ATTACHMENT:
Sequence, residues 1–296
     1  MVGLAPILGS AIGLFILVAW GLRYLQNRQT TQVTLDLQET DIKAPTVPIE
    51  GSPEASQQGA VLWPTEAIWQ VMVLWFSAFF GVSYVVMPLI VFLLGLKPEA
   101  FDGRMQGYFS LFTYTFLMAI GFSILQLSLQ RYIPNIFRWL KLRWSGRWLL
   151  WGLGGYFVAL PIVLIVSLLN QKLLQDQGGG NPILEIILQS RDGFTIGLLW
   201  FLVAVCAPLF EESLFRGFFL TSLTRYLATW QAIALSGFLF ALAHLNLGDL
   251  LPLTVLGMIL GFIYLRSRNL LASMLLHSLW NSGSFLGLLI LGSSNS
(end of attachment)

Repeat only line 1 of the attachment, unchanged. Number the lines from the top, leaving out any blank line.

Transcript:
Sequence, residues 1–296